See also

External links

Further reading

  • Kandel, ER; Schwartz JH, Jessell TM. (2000). Principles of Neural Science (4th ed.). New York: McGraw-Hill. ISBN 0-8385-7701-6.  
  • Nicholls, J.G.; A.R. Martin, B.G. Wallace and P.A. Fuchs (2001). From Neuron to Brain (4th ed.). Sunderland, MA.: Sinauer Associates. ISBN 0878934391.  
  • Engel, A.G. (2004). Myology (3rd ed.). New York: McGraw Hill Professional. ISBN 0-07-137180-X.  

References

  1. ^ Bin Uhang, Shiwen Luo, Qiang Wang, Tatsuo Suzuki, Wen C. Xiong, Lin Mei (2008). LRP4 Serves as a Coreceptor of Agrin = Neuron. 60. pp. 285–97. doi:10.1016/j.neuron.2008.10.006.  
  2. ^ DeChiara T, Bowen D, Valenzuela D, Simmons M, Poueymirou W, Thomas S, Kinetz E, Compton D, Rojas E, Park J, Smith C, DiStefano P, Glass D, Burden S, Yancopoulos G (1996). "The receptor tyrosine kinase MuSK is required for neuromuscular junction formation in vivo". Cell 85 (4): 501–12. doi:10.1016/S0092-8674(00)81251-9. PMID 8653786.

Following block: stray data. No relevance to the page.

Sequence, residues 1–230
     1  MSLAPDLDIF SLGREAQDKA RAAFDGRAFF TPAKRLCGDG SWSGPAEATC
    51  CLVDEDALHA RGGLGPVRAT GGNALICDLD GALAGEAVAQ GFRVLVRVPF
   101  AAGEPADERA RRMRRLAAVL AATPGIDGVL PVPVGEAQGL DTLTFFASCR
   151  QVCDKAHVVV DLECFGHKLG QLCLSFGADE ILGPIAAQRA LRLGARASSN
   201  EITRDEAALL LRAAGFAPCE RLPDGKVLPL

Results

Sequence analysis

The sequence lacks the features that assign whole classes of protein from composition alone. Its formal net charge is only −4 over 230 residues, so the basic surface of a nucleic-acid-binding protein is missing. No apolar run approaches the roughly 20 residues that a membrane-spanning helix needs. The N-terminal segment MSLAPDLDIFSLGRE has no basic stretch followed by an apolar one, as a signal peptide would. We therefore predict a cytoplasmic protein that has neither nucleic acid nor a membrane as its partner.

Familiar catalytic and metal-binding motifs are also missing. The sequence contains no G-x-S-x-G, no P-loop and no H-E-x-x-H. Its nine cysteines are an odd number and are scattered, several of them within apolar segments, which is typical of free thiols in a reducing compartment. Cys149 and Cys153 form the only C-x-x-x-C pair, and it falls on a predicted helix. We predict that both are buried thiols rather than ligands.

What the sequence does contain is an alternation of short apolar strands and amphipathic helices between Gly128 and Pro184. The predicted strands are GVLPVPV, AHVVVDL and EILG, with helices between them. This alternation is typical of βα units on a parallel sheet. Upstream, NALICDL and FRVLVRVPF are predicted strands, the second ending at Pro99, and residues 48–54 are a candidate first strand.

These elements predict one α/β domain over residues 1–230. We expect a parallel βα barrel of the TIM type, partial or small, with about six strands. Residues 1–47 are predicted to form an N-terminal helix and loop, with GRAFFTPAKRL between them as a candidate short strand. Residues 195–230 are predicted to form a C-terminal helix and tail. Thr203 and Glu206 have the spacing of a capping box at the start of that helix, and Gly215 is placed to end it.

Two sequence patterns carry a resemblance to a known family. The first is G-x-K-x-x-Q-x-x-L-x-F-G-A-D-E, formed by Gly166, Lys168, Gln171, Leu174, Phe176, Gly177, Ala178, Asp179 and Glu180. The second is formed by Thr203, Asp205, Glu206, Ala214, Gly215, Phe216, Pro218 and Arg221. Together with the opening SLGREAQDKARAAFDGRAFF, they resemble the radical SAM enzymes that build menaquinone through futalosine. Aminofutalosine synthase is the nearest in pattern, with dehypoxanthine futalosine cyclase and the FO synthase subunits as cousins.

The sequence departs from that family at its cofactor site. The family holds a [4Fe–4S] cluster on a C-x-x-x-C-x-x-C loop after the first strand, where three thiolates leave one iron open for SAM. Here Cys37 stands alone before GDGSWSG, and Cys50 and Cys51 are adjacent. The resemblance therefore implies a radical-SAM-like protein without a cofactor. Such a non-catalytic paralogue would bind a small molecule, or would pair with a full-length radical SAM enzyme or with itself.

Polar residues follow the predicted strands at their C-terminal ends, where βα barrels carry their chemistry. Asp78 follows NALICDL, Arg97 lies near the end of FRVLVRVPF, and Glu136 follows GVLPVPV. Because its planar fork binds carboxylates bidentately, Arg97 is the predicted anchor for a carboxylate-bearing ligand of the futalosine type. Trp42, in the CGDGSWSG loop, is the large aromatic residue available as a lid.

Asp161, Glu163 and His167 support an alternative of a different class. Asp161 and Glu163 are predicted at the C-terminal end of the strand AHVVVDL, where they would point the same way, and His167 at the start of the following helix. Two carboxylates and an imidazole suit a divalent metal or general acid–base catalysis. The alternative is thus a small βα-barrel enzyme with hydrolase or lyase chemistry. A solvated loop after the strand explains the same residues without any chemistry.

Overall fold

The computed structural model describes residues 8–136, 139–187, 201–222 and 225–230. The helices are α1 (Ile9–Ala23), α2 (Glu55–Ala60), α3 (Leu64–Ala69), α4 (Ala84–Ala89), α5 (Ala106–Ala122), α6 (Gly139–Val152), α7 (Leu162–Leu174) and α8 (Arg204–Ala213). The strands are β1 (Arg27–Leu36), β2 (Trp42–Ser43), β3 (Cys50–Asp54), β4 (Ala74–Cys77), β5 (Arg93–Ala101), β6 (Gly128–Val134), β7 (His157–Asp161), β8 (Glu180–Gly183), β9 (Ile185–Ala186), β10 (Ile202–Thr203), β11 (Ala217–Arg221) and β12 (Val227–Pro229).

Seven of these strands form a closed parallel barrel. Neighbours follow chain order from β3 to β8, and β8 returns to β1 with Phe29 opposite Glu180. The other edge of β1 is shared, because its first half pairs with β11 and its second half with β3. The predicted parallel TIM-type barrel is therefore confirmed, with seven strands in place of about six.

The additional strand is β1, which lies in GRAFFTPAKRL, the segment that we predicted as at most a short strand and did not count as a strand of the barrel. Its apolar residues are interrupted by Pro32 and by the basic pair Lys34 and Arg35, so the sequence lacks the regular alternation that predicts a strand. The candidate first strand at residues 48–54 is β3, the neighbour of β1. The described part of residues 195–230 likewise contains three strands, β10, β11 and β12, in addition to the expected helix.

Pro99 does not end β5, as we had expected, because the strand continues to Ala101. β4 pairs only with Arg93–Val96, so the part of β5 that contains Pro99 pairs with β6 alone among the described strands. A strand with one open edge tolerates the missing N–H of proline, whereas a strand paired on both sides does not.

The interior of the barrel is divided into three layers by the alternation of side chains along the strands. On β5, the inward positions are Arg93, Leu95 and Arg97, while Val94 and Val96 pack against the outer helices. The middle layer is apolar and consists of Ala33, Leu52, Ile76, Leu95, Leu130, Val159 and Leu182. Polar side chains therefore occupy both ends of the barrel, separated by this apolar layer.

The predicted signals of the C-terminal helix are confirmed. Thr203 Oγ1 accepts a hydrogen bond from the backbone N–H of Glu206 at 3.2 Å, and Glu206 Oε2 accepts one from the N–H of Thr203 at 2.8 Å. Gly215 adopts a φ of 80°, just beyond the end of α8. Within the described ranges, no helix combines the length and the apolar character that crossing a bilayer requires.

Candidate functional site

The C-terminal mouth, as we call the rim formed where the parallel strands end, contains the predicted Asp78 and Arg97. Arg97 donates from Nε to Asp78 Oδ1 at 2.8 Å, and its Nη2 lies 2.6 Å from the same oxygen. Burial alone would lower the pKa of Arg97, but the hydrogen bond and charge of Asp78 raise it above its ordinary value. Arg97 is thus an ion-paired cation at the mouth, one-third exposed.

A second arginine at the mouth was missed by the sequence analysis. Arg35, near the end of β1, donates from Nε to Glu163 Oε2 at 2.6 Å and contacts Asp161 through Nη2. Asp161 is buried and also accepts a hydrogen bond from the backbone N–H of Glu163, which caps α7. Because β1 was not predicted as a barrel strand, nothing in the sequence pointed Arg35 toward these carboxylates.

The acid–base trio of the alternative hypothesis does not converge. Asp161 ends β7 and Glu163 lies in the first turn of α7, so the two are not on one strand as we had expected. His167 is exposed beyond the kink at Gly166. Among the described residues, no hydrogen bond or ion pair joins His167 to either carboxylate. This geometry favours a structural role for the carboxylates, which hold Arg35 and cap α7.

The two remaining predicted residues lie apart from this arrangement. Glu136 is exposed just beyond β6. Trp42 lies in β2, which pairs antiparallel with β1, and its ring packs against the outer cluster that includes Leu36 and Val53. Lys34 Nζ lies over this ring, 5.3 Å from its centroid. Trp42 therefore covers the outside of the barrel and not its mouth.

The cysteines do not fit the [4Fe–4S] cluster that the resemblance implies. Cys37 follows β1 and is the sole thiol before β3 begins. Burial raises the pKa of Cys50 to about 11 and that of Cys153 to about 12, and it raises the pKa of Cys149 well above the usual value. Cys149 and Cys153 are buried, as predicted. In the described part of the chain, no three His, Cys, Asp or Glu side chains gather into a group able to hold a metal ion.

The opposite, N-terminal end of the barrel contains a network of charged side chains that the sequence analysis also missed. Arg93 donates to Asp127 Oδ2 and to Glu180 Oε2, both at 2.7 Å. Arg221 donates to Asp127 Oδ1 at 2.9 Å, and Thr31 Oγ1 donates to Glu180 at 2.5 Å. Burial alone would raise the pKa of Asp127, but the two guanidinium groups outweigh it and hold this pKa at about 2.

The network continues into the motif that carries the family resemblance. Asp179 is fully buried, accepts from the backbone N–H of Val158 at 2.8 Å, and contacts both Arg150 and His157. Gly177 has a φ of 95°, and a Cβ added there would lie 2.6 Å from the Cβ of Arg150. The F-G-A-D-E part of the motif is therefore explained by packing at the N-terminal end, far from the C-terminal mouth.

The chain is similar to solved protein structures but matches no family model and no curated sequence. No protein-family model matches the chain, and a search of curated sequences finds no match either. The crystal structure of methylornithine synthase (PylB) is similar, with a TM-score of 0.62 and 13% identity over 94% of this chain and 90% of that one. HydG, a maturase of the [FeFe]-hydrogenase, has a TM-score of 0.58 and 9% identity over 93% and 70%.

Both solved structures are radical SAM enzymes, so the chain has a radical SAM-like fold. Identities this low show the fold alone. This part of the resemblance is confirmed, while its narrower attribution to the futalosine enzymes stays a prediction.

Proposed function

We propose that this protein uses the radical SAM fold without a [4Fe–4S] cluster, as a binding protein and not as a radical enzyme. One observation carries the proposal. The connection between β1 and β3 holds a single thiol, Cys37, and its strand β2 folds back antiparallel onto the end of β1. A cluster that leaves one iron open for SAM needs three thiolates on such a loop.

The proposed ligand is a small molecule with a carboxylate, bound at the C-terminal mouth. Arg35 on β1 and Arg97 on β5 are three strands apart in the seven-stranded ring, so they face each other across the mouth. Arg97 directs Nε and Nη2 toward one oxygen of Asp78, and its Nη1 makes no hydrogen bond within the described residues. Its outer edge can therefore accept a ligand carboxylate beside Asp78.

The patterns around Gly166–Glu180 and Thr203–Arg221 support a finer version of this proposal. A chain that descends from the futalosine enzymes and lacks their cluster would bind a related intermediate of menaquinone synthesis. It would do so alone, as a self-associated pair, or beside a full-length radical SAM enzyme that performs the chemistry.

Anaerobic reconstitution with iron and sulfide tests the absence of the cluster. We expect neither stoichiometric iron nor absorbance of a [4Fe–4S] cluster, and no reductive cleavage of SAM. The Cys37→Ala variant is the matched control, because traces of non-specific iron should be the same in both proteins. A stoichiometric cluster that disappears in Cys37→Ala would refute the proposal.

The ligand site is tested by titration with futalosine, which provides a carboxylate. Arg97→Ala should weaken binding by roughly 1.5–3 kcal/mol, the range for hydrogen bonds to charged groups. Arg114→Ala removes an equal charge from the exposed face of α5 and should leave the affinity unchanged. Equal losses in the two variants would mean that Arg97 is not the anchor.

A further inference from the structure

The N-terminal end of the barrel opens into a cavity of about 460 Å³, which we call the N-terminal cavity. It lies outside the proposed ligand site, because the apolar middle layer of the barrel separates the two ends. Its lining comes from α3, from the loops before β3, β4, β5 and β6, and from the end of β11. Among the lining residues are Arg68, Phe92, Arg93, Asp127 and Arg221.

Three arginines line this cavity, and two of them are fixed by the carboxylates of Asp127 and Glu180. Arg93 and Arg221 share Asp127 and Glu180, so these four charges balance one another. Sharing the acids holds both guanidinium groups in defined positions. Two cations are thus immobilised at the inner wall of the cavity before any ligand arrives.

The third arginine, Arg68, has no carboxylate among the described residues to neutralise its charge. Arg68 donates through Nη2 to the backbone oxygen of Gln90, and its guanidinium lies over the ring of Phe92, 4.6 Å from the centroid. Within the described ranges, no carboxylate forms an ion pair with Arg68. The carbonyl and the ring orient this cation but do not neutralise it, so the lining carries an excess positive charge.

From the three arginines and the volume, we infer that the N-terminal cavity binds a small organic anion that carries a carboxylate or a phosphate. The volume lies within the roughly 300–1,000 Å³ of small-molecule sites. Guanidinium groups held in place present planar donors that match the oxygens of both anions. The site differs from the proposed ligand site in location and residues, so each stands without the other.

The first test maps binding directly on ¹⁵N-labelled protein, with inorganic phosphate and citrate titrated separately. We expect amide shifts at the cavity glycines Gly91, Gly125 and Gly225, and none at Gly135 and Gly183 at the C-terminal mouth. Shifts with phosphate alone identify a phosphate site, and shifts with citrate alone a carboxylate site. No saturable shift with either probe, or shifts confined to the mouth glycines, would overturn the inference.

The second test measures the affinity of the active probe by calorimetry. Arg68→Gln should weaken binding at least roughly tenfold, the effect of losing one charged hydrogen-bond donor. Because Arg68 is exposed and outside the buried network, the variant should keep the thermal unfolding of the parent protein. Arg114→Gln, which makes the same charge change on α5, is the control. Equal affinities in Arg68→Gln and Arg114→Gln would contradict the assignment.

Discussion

3. ^ Valenzuela D, Stitt T, DiStefano P, Rojas E, Mattsson K, Compton D, Nuñez L, Park J, Stark J, Gies D (1995). "Receptor tyrosine sinase specific for the skeletal muscle lineage: expression in embryonic muscle, at the neuromuscular junction, and after injury". Neuron 15 (3): 573–84. doi:10.1016/0896-6273(95)90146-9. PMID 7546737.  
  4. ^ Glass D, Bowen D, Stitt T, Radziejewski C, Bruno J, Ryan T, Gies D, Shah S, Mattsson K, Burden S, DiStefano P, Valenzuela D, DeChiara T, Yancopoulos G (1996). "Agrin acts via a MuSK receptor complex". Cell 85 (4): 513–23. doi:10.1016/S0092-8674(00)81252-0. PMID 8653787.  
  5. ^ Okada K, Inoue A, Okada M, Murata Y, Kakuta S, Jigami T, Kubo S, Shiraishi H, Eguchi K, Motomura M, Akiyama T, Iwakura Y, Higuchi O, Yamanashi Y (2006). "The muscle protein Dok-7 is essential for neuromuscular synaptogenesis". Science 312 (5781): 1802–5. doi:10.1126/science.1127142. PMID 16794080.   link
  6. ^ Strochlic L, Cartaud A, Cartaud J (2005). "The synaptic muscle-specific kinase (MuSK) complex: new partners, new functions". Bioessays 27 (11): 1129–35. doi:10.1002/bies.20305. PMID 16237673.